Proceedings 32        22 April 1993        St Peter’s College Oxford

Two related papers were given:

Norman Smith on “Sources of Medieval Technology with special attention to Byzantine and Islamic Contributions”.


Dennis Simms on: “Was There a Technological decline and Fall of the Roman Empire?”  (see Proceedings No 33)



The summary which follows is an article by Dr Smith himself based on his talk that day and with a slightly different title.



Such has been the preoccupation with the technologies of the Roman empire and the medieval world that the period between is rarely considered. This is a pity because some of the more interesting aspects of technology's history are its continuity from one culture to another and the nature of the processes by which ideas and methods are diffused and transmitted. And in any case, for the Middle Ages the question of origins is an interesting one in itself.

In principle, at least six inputs to the medieval technological scene can be nominated: a Roman legacy in practical technology; the discovery of Roman texts; an Islamic influence via Spain or Sicily; contact with the East through the Crusades; transmissions from the North, Celtic or Germanic; and of course, developments originating in the Middle Ages themselves. In what follows are summarized some of the sorts of instances which arise with an indication of the difficulties of turning fragmentary evidence into firm conclusions.

The Piston Pump

Dr G.J.Hollister Short is quite correct when he nominates the piston pump as one of the more mysterious of early machines although one is bound to observe that an inadequate terminology has not aided the enquiry. How piston pumps work is not completely clear to everyone who writes about them, and the evidence is scarcely ever marshalled in its entirety. The Romans appear to have utilized the piston pump frequently. Its archaeological evidence from mines, wells and ships suggests application to firesetting, water raising and bilge pumping and Hero of Alexandria prescribes it for fire-fighting. My own opinion is that even at an early date the piston pump was, at least partially, a suction pump and, however imperfectly the principle was understood, its exploitation made for a much more practical setting of the piston pump on ships. And as we know from al-Jazari, his own suction force pump for irrigation was 'like the ejectors of naphtha except that it is larger.’ In other words we can suppose that Byzantine navies used suction force pumps to project Greek fire. Given the ingredients of the mixture used, the submerged pump by comparison, does seem hopelessly unworkable.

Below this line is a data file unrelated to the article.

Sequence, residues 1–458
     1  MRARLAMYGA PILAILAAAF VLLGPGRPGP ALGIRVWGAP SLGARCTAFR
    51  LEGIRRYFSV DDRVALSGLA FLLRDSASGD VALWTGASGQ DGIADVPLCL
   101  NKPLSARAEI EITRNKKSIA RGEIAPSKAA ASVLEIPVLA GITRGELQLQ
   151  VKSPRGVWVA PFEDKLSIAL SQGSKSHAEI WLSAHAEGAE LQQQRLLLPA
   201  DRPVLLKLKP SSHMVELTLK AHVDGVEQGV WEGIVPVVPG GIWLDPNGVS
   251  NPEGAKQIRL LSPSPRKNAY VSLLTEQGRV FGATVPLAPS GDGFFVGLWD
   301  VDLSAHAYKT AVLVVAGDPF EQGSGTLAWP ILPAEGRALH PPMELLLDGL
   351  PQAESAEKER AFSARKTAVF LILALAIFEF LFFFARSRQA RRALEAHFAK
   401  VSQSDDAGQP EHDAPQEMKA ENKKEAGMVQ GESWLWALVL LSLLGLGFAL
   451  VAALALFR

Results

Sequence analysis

So, we seem to have a continuous history of piston-pumping in and around the Mediterranean for 1500 years. When at last the suction lift pump appears in a late medieval European source, namely Taccola’s De Ingeneis most likely we are looking at a Roman legacy which has either been preserved within Europe or has returned via Byzantium and Islam. Taccola’s pump is distinguished by two particular features'- The pump barrel is, essentially, a tube continuous from sump to outlet, while the piston is itself valved. Such features seem to me to be the result of adapting the piston pump to work in mines. Very possibly Taccola’s pump came to northern Italy from southern Germany.


The origins of water-wheels may not be quite as obscure as piston pumps but it is a markedly more contentious subject with recent work having produced as much confusion as clarification. It is sufficient here to summarize a few points. The ancient world knew and used the vertical water wheel and an installation such as Barbegal reflects a confidence and commitment which is significant. Whether or not the Romans knew the horizontal water-wheel as well is a point I have touched on elsewhere.* A key issue here is whether we are looking at the invention of a concept or the invention of a machine. Some writers evidently imagine that water-power was developed as an idea from which a range of alternative designs of mill sprang readily off the drawing board, so to speak. However, it may be that an existing mechanical tradition evolved a machine first and that the concept came later Something of the same sort of problem is an issue in the origins of the windmill.

What we can be sure of is that Roman water-wheels were applied exclusively to corn-grinding and this technology was inherited by the Middle Ages. The quality of an invention however is not to be confused with the quantity of its application. The significance of water-power in Roman times is that it was exploited at all: in the Middle Ages what is notable is that water-power began to be applied to a variety of new and different tasks, such as sawing, fulling, paper-making and iron working. The new wisdom, contrary to Lynn White Jnr., is that this widening of applications did not revolutionize the medieval economy. On the other hand technological changes were imperative and the machinery being driven by water-wheels and windmills displays considerable and ingenious development, full of significance for the future.


In Medieval Technology and Social Change, and other of his writings, Lynn White Jnr. was, on the whole, disinclined to consider medieval technology.’ classical origins. When he tried, the results were not always either accurate or convincing. His

*see SHMTS Proceedings 22, .Barbegal and the Roman legacy of Water Power. February 1991